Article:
The responsibility for the commissioning of services including offending behaviour programmes now rests with the Directors of Offender Management. It is for them to commission services which meet the need to address the offending behaviour of offenders and the requirements of sentencers in their area.
Tom Levitt: To ask the Secretary of State for the Home Department what assessment he has made of the merits of reducing from 16 to 14 the age at which section 27 of the Violent Crime Reduction Act 2006 applies. 
Mr. Alan Campbell: The current age limit on directions to leave significantly limits their effectiveness as a tool for preventing alcohol related crime and disorder because it prevents the police from dealing with groups of young people of mixed ages. Clause 31 of the Policing and Crime Bill reduces the minimum age at which directions to leave can be issued from 16 to 10 so that the police can deal with all young people who are likely to be involved in crime and disorder and not just older children.
Mr. Weir: To ask the Secretary of State for Energy and Climate Change which (a) UK Ministers and (b) Ministers from devolved administrations, will be included in the UK delegation to the UN framework convention on climate change conference in Copenhagen. 
Joan Ruddock: The Department has not yet determined the full composition of the UK delegation, so we cannot say with certainty how many Ministers or officials will be included. This will depend largely on the state of international negotiations at the time of the conference. However, we would anticipate that my right hon. Friend the Secretary of State and I will attend.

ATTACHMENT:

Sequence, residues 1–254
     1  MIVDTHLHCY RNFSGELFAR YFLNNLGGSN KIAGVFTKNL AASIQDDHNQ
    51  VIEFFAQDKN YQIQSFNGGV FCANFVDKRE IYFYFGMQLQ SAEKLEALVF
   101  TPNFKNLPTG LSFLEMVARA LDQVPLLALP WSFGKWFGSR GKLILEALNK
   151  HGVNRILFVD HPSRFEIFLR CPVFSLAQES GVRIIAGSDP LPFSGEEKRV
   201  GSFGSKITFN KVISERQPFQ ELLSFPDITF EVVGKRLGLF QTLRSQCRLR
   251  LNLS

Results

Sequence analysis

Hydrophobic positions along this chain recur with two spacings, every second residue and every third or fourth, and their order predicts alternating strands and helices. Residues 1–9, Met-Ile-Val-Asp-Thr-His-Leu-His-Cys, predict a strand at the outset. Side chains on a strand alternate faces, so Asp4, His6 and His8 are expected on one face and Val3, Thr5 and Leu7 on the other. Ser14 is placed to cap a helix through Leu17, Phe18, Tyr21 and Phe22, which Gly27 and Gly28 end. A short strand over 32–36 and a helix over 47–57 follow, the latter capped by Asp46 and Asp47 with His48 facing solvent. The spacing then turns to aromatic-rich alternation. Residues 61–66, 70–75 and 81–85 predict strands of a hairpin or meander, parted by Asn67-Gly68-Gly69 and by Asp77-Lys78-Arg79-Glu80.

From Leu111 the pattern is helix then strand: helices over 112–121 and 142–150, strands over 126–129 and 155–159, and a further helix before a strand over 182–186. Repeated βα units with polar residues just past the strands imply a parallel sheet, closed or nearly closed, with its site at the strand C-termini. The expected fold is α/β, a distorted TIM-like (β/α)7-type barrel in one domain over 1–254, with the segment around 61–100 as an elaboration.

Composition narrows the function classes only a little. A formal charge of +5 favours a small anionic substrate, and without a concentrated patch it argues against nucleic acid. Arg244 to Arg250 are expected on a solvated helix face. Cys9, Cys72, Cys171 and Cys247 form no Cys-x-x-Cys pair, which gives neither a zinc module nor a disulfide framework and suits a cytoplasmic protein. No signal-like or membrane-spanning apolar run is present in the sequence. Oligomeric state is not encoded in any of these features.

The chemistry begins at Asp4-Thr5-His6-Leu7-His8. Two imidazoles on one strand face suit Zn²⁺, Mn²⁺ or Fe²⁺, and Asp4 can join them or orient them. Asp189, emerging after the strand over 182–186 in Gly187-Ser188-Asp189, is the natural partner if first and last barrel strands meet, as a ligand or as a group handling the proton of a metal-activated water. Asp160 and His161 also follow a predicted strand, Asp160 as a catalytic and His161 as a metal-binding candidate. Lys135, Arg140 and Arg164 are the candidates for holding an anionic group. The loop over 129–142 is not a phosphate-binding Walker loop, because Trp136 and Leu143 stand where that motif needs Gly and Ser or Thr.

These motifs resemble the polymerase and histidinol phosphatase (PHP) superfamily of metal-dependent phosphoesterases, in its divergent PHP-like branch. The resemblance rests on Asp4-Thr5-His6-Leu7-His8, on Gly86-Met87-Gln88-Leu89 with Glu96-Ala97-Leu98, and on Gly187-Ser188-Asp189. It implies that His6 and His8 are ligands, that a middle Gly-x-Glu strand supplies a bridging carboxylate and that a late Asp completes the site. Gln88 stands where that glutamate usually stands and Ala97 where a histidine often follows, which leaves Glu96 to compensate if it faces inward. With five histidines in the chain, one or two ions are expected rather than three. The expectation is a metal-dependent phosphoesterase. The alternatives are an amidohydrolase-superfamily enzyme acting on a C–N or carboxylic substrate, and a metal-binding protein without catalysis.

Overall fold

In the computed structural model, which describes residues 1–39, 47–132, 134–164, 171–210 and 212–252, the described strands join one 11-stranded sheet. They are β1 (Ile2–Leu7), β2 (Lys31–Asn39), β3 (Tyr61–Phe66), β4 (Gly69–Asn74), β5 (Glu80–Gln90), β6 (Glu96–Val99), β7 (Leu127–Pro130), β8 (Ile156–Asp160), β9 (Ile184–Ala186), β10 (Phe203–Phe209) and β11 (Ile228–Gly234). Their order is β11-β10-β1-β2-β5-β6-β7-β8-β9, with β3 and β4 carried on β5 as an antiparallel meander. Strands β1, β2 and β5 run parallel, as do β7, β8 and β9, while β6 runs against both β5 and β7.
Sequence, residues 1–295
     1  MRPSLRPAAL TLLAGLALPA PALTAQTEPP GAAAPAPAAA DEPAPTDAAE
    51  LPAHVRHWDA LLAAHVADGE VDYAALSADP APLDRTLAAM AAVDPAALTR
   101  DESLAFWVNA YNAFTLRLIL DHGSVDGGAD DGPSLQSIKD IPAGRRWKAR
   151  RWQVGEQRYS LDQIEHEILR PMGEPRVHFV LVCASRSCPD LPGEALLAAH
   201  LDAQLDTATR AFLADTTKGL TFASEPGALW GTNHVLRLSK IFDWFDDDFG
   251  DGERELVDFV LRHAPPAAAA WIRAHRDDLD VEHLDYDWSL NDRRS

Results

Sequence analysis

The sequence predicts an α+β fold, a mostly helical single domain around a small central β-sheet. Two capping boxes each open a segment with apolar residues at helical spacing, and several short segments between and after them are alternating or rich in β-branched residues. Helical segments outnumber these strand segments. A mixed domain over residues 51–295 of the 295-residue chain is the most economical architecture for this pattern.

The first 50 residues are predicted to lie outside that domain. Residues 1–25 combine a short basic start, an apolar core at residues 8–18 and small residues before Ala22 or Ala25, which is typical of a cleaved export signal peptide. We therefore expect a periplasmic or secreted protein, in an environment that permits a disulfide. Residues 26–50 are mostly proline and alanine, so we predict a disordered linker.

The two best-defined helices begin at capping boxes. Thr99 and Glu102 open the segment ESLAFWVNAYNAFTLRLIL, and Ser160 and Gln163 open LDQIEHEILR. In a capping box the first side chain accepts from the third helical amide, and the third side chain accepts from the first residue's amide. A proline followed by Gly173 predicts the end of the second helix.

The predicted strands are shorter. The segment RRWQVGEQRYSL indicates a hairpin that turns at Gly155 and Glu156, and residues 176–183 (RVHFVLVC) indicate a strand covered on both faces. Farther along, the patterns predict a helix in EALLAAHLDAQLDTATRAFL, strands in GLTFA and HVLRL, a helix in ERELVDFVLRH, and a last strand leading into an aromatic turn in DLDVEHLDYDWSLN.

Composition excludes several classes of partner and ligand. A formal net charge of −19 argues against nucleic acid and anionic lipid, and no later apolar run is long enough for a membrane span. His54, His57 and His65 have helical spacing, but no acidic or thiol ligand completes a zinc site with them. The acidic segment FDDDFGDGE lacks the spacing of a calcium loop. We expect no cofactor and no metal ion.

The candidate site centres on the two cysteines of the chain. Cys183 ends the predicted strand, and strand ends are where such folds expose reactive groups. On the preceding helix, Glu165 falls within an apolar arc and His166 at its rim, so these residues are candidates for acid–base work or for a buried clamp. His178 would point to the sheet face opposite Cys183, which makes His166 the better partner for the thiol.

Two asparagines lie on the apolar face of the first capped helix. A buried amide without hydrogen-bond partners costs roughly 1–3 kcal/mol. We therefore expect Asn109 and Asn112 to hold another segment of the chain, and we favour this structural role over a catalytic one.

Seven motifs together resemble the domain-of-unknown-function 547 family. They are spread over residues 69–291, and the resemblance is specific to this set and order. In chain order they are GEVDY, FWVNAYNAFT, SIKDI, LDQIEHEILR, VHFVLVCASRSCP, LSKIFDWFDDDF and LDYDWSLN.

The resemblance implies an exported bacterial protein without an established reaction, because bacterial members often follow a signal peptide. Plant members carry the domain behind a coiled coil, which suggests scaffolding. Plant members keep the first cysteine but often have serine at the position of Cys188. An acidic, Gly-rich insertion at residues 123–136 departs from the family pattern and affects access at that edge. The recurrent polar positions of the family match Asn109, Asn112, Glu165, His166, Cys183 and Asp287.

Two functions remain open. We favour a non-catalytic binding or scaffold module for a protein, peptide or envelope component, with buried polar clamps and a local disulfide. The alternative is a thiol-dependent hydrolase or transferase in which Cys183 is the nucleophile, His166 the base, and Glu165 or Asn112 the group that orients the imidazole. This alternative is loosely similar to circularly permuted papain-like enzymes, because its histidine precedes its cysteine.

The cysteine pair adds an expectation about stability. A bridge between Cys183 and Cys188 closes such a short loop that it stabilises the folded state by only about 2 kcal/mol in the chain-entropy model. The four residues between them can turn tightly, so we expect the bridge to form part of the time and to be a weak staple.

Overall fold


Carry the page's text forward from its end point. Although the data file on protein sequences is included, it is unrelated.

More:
Mr. Gray: To ask the Secretary of State for Energy and Climate Change for what reasons Power Factor Correction is not included in the Enhanced Capital Allowance Scheme; and whether he plans to include Power Factor Correction in the scheme. 
Mr. Kidney: Power Factor Correction (PFC) was considered for the Enhanced Capital Allowance scheme (ECA) in 2006, but not included because it was concluded that existing instruments provided a more effective incentive for the use of PFC.
Mr. Prisk: To ask the Secretary of State for Wales how many Christmas functions arranged by his Department (a) he and (b) officials of his Department (i) hosted and (ii) attended in 2008; what the cost to the public purse was; and if he will make a statement. 
Mrs. Iris Robinson: To ask the Secretary of State for Northern Ireland what steps he plans to take to assess public opinion on the adequacy of police coverage across the district command units of Northern Ireland. 
Paul Goggins: A key role for the Policing Board and District Policing Partnerships is to engage directly with the public on policing matters, and to gauge public views on policing. This includes surveys on satisfaction levels with police patrols in local areas. In April 2009 the Policing Board published results of its Omnibus Survey 'Public perceptions of the police, DPPs and the Northern Ireland Policing Board'. This survey found that 42 per cent. of respondents were very/fairly satisfied with the levels of police patrols in their local area.